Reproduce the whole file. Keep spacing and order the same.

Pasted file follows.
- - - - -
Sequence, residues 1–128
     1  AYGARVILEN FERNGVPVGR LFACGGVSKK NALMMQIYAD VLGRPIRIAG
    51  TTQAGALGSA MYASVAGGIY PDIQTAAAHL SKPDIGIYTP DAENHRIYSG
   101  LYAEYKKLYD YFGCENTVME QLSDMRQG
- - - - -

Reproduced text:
Sequence, residues 1–128
     1  AYGARVILEN FERNGVPVGR LFACGGVSKK NALMMQIYAD VLGRPIRIAG
    51  TTQAGALGSA MYASVAGGIY PDIQTAAAHL SKPDIGIYTP DAENHRIYSG
   101  LYAEYKKLYD YFGCENTVME QLSDMRQG